As manic symptoms emerged, risperidone and valproic acid was administered based on knowledge of these medications being efficient for symptom control during her previous episodes. Her manic symptoms resolved three weeks after hospital admission. Hyperprolactinemia side effects of risperidone had negative effects on the patient’s treatment adherence. Medications were then switched to aripiprazole and lithium. The YMRS score was 7 at the end of three weeks of hospitalization.

It was the second psychiatric hospitalization of this patient. She was initially hospitalized for two months with manic episode three years ago when she had been treated successfully with risperidone at 2mg/day and valproic acid at 1000mg/day. Antipsychotic medication with olanzapine at 20mg/day was not efficient in symptom control during her recent hospitalization. She was discharged from the hospital after improvement in symptoms with risperidone and valproic acid treatment. In the follow-up examinations, risperidone medication was reduced gradually and ceased because of elevating prolactine hormone levels in the range of 32.4ng/mL and 78.9ng/mL (normal range: 4.79ng/mL-23.30ng/mL), causing amenorrhea and galactorrhea. Brain magnetic resonance imaging was performed and showed no evidence of pituitary microadenoma. She stopped taking valproic acid medication of her own volition 18 months after the first manic episodes because of weight gain. She refused to use any medication other than quetiapine despite psycho-education on bipolar affective disorder. She only took quetiapine at 12.5mg/day for sleeping problems for nearly two years. She had neither manic nor depressive episodes during the previous three years, and was in remission for three years when MPA was prescribed.

In terms of time course, the patient was followed up with once a month as an outpatient with aripirazole at 5mg/day and lithium at 600mg/day (serum level: 0.5-0.8mmol/l). She had been well-maintained on this treatment. The time between the last manic episode and last examination was 12 months and the patient was euthymic during this period with prolactine levels falling within normal ranges.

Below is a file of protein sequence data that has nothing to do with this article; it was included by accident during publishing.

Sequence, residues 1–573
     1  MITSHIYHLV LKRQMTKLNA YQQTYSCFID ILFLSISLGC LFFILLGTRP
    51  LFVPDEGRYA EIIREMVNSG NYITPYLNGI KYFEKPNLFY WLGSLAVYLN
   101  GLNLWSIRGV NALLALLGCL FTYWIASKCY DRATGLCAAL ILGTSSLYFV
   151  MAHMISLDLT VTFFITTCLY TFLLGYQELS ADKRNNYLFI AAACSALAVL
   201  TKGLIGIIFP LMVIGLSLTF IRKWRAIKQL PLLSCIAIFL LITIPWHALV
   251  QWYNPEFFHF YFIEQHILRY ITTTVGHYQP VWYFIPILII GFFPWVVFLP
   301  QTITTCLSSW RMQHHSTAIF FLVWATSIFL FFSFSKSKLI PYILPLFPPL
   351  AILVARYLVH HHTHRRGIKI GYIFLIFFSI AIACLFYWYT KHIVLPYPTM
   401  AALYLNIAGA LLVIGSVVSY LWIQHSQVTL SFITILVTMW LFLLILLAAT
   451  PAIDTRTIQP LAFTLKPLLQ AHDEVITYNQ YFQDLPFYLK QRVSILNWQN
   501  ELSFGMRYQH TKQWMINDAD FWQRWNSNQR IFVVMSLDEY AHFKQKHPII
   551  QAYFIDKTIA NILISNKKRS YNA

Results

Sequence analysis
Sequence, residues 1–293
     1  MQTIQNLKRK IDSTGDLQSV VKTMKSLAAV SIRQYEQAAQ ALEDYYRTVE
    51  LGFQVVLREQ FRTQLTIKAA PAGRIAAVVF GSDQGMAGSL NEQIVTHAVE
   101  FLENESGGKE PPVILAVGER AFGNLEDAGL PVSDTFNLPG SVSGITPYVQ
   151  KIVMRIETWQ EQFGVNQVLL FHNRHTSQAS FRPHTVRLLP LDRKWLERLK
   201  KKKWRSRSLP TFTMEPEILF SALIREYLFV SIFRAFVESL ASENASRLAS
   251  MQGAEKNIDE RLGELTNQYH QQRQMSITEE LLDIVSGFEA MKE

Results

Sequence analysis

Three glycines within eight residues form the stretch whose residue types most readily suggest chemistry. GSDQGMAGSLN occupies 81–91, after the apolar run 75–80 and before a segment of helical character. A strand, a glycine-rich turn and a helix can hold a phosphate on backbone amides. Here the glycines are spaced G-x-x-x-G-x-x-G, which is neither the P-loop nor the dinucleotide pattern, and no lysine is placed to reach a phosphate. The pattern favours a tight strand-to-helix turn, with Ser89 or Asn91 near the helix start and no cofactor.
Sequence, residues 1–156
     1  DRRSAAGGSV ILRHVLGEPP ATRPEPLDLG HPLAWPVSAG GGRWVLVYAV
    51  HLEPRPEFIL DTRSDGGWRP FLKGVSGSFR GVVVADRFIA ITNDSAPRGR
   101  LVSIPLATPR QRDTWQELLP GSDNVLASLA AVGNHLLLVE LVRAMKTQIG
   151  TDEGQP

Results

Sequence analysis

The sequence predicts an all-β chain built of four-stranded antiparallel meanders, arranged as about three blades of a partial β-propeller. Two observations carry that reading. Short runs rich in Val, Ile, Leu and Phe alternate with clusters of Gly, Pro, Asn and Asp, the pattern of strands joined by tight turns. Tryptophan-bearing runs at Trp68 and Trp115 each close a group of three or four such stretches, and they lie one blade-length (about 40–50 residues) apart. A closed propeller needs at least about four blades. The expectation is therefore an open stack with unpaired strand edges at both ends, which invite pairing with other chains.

We obtained written informed consent from the patient and from her first-degree relative.

DISCUSSION

The case we present in this report has a few points worth discussing. The main issue is the possible unexpected side effects of MPA. The patient was not on any medication other than MPA and quetiapine (12.5mg/day) that would be expected to induce manic episodes. Normal physical examination and blood tests performed upon admission exclude other organic causes. Therefore, the onset of affective symptoms underscores the time correlation between MPA and the manic episodes. The other matter to consider is the probable side effects of antipsychotics and mood stabilizers for hyperprolactinemia and weight gain. We discontinued risperidone treatment as a consequence of hyperprolactinemia and started on aripiprazole treatment to reduce prolactine levels that were elevated by antipsychotic drugs (11,12).

Medroxyprogesterone, like other progestins, may cause nervousness, sleep problems such as insomnia, somnolence, changes in mood or libido, and emotional lability (5-8). Increases in aggression during MPA treatment have also been reported because of the production of negative affect (6). All these symptoms occurred in patients receiving MPA and were described as main adverse effects of the drug. However, little is known about its effects within the central nervous system. Besides the progestogenic effect, which is in common for all progestins, there is a wide range of biological effects of MPA, including androgenic properties based on low or high doses and the variety of tissues. The overall biological effect of MPA is determined by the sum of all conditions that may explain its adverse effects.